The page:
In early August E Ink Holdings — the company that makes the vast majority of black-and-white ePaper displays that appear in eReaders, such as those made my Amazon and Barnes & Noble — announced it had signed a definitive agreement to buy 82.7% of the shares of SiPix Technology and its wholly owned subsidiary SiPix Imaging, the Number 2 player. E Ink went on to say it wishes to buy up to 100%. The purchase is valued at about NT $1.5B (US $50.1M). The final closing is likely to be during Q4’12, pending the customary regulatory approvials.
The purchase will not change the eReader landscape very much since E Ink already makes more than 90% of the ePaper displays for that market, with customers that include Amazon, Barnes & Noble, Bookeen, Ectaco, Hanvon, iRiver, Kobo, Sony, and Wexler.
SiPix, which was established in 1999 and was subsequently bought by Taiwanese panel-maker AUO, has major facilities in California and Taiwan. The company has had its major successes in signage and shelf labels, which are well suited to its micro-cup electrophoretic display technology. Because this technology uses just one color of charged particle and is relatively straightforward, it should offer cost advantages for such applications, But, for eReader displays, it has not been able to match the contrast ratio and quality of E Ink’s microcapsule approach that uses two kinds of charged particles, each with a different charge and a different color. Industry sources say that quality issues have more than eaten up an initial 30% price advantage SiPix has in eReader displays. As a result, customers for SiPix eReader displays have been limited to SiPix-related companies such as BenQ and ASUS, and perhaps half a dozen Chinese companies that account for a relatively small percentage of the market.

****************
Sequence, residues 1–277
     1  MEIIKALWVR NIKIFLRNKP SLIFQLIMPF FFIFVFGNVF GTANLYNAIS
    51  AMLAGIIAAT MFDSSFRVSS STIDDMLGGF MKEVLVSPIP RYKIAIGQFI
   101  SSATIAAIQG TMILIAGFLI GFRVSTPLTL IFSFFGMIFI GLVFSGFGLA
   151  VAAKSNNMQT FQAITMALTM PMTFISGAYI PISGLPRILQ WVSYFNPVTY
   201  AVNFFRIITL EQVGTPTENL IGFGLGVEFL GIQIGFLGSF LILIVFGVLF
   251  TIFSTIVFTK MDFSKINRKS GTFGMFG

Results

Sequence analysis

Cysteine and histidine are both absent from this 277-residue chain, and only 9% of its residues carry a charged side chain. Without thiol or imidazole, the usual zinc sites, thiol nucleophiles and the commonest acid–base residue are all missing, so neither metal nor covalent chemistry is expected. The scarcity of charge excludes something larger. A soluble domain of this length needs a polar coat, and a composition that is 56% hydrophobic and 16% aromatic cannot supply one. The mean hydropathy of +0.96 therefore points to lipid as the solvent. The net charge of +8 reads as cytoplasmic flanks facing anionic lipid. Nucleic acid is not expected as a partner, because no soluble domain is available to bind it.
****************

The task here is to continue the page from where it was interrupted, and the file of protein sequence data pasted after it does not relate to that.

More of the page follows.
The combined company intends to offer a large portfolio of ePaper products that will allow it to diversify into new applications. “E Ink is committed to growing the ePaper market and the purchase of SiPix shares is part of our long term growth strategy,” said E Ink Chairmant Scott Liu.
“In the recent past, we enabled an entire eReader market with our electronic paper,” said Felix Ho, the company’s Vice Chairman. “Today, E Ink’s products are finding homes in a number of new applications which can be better served with the inclusion of SiPix’s products, technologies and intellectual property.” Ho also noted that the purchase will provide E Ink with larger global network of offices to support customers in different geographical markets, and will also give the company a stronger patent portfolio.
There have been several ePaper technologies whose owners have tried hard to find commercial niches for them. But Qualcomm recently announced it would retreat from manufacturing mirasol displays and move to a licensing model. Earlier, Bridgestone abandoned its “dry” electrophoretic technology, and there are now persistent rumors that Samsung is trying to divest itself of its Liquavista electro-wetting technology. There are a couple of other players, but they are not significant factors.
That leaves E Ink as the only remaining ePaper tiger, roaring in triumph at the top of its Taiwanese hill.
Ken Werner is Principal of Nutmeg Consultants, specializing in the display industry, display manufacturing, and display technology. You can reach him at email@example.com.
Posted by Pete Putman, August 16, 2012 12:53 PM
About Pete PutmanPeter Putman is the president of ROAM Consulting L.L.C. His company provides training, marketing communications, and product testing/development services to manufacturers, dealers, and end-users of displays, display interfaces, and related products.
Pete edits and publishes HDTVexpert.com, a Web blog focused on digital TV, HDTV, and display technologies. He is also a columnist for Pro AV magazine, the leading trade publication for commercial AV systems integrators.